Rep. Ryan Zinke’s nomination to become interior secretary passed a Senate committee Tuesday, placing him one step closer to lead an agency that manages millions of acres of federal land and the natural resources under it.
The Senate Committee on Energy and Natural Resources approved Zinke (R-Mont.), on a 16-6 vote largely along party lines. Zinke’s nomination now goes to the Senate floor, where he will probably be confirmed. All of the committee’s 12 Republicans voted in Zinke’s favor, including Sen. Lisa Murkowski (Alaska), its chairman; Sen. Jeff Sessions (Ala.), who was in the middle of his own vote in the Judiciary Committee to become attorney general; and Sen. Jeff Flake (Ariz.).
But six Democrats who grilled Zinke on issues such as climate change and sexual harassment at his hearing voted no, including Sens. Bernie Sanders (Vt.), an independent who caucuses with Democrats; Al Franken (Minn.) and Tammy Duckworth (Ill.). Four Democrats approved the nomination.
Zinke immediately put to rest a question that shadowed his nomination early in his hearing a little more than a week ago. He said that he absolutely had no intention of selling federal land to states or other parties. Zinke told the committee that President Trump’s ambitious infrastructure spending plans should “prioritize the estimated $12.5 billion in backlog of maintenance and repair” at hundreds of national parks across the country.
The nominee enjoyed the support of Republicans from western states where officials considered the Obama administration’s regulation of coal and protections of wildlife such as the greater sage grouse an intrusion that hurt revenue from natural resources. Democrats pushed Zinke to reveal whether he thought climate change was caused by human use of fossil fuels such as coal.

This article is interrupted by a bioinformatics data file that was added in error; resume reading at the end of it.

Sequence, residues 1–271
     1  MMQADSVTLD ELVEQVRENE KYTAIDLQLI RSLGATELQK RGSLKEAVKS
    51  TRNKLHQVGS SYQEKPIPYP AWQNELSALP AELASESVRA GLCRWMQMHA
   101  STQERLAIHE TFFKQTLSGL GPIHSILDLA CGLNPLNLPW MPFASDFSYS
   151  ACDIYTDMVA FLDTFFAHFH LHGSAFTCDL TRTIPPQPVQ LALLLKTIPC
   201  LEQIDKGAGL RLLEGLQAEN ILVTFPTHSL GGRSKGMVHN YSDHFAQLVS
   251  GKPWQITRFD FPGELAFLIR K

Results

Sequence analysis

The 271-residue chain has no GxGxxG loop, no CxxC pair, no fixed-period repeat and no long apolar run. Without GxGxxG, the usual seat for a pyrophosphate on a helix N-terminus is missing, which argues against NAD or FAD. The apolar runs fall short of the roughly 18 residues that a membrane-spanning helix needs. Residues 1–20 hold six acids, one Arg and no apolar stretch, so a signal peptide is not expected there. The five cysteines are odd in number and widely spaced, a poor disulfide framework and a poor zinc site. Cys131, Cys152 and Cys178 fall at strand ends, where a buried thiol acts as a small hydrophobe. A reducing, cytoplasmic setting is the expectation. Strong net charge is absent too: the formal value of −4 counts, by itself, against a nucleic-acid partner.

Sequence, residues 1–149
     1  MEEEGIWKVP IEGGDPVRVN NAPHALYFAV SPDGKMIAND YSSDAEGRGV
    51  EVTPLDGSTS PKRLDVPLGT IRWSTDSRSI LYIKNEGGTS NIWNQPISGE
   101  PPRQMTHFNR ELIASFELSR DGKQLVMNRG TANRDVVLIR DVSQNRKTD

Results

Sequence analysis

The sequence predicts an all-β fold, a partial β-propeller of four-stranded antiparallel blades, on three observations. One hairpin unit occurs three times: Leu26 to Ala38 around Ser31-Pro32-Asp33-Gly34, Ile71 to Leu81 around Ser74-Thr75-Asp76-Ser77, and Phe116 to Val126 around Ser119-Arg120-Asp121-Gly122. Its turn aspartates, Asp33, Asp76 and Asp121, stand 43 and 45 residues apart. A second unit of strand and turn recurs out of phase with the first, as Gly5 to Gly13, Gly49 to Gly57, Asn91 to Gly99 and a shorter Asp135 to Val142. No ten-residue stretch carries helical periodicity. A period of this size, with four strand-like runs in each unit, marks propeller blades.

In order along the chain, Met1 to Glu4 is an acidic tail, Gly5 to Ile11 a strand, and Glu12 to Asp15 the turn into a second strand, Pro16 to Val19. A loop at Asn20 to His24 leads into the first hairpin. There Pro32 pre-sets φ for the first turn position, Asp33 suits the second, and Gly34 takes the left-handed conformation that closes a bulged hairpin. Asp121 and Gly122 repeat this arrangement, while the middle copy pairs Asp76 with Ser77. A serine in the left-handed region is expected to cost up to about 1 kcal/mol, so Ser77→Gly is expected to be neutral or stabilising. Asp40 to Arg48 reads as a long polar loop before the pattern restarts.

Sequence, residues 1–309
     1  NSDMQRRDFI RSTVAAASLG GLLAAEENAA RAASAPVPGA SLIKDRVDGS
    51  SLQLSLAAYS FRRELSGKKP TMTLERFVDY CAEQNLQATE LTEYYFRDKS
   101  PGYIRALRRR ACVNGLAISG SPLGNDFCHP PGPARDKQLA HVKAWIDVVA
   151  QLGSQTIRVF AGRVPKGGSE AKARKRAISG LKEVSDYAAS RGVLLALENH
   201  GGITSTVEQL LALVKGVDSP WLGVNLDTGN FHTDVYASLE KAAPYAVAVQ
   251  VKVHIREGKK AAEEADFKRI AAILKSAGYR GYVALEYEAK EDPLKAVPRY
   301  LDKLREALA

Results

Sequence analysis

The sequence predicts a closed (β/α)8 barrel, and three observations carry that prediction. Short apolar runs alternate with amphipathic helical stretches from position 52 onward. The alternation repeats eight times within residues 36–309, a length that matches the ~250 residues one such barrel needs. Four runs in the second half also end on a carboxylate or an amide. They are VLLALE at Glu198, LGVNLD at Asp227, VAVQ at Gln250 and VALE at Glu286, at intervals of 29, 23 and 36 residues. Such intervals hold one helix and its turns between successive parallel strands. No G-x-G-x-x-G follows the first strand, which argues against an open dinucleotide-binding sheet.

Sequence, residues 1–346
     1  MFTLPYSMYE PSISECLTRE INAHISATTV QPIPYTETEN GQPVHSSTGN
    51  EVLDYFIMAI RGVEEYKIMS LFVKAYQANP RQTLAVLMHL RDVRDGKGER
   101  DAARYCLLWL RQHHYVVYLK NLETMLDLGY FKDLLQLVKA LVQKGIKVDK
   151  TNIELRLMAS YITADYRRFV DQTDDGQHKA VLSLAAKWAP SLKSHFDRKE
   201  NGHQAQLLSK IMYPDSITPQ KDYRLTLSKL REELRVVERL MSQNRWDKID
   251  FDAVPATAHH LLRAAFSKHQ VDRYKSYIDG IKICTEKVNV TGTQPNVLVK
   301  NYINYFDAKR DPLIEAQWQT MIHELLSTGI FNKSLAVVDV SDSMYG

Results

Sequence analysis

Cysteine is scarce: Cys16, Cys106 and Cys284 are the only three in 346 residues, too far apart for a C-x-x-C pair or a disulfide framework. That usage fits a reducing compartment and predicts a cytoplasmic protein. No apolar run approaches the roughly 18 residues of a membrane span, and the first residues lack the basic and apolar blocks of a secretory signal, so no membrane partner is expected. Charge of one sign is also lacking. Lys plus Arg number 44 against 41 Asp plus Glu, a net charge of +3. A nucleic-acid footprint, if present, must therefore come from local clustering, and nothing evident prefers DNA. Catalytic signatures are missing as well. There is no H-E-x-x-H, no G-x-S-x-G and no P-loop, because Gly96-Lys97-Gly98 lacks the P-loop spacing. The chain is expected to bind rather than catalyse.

“Man has had an influence,” Zinke said under questioning by Sanders, but like many of Trump’s nominees said there’s a question of how much warming humans cause, though the vast majority of climate scientists say people are the driving force. The nominee would not commit to a limited approach to allowing the excavation of coal, gas and minerals underground; Trump has promised to restore coal industry jobs by tapping federal resources.
Duckworth had a tense exchange with Zinke at the earlier hearing over whether he deplored Trump’s earlier comments about touching women, as well as the sexual harassment that some say has run rampant at the National Park Service, which is overseen by the interior secretary. She didn’t appear for the vote, but voted no by proxy.
“You yourself have a history of saying women who served in combat were a distraction that weakened the force,” Duckworth said at the earlier hearing. “Do you think serving in the front line of the Park Service weakens the force?”
Zinke responded to Duckworth that his daughter served in the Armed Forces, so he certainly deplores harassment. Zinke also said harassment of women at the parks service was unacceptable.
If the full Senate confirms his nomination, Zinke will inherit a department where the Park Service was told by the Trump administration shortly after the inauguration to cease tweeting. Interior employees have since been told that public engagement on Twitter is okay, “with the exception of social media posts on the secretary’s policy priorities, which will be outlined upon confirmation.”